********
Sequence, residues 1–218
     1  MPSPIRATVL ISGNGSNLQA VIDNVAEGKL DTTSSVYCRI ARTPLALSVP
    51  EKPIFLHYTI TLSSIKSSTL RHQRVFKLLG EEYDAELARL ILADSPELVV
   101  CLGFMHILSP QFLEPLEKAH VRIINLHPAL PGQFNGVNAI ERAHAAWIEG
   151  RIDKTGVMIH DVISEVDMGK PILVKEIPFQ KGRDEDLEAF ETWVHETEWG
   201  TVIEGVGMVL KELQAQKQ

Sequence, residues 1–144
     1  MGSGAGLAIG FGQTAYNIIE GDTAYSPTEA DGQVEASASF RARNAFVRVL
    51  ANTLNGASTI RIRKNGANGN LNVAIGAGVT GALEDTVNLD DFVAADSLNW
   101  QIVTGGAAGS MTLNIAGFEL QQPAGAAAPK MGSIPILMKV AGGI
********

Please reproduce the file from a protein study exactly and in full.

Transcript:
Sequence, residues 1–218
     1  MPSPIRATVL ISGNGSNLQA VIDNVAEGKL DTTSSVYCRI ARTPLALSVP
    51  EKPIFLHYTI TLSSIKSSTL RHQRVFKLLG EEYDAELARL ILADSPELVV
   101  CLGFMHILSP QFLEPLEKAH VRIINLHPAL PGQFNGVNAI ERAHAAWIEG
   151  RIDKTGVMIH DVISEVDMGK PILVKEIPFQ KGRDEDLEAF ETWVHETEWG
   201  TVIEGVGMVL KELQAQKQ

Sequence, residues 1–144
     1  MGSGAGLAIG FGQTAYNIIE GDTAYSPTEA DGQVEASASF RARNAFVRVL
    51  ANTLNGASTI RIRKNGANGN LNVAIGAGVT GALEDTVNLD DFVAADSLNW
   101  QIVTGGAAGS MTLNIAGFEL QQPAGAAAPK MGSIPILMKV AGGI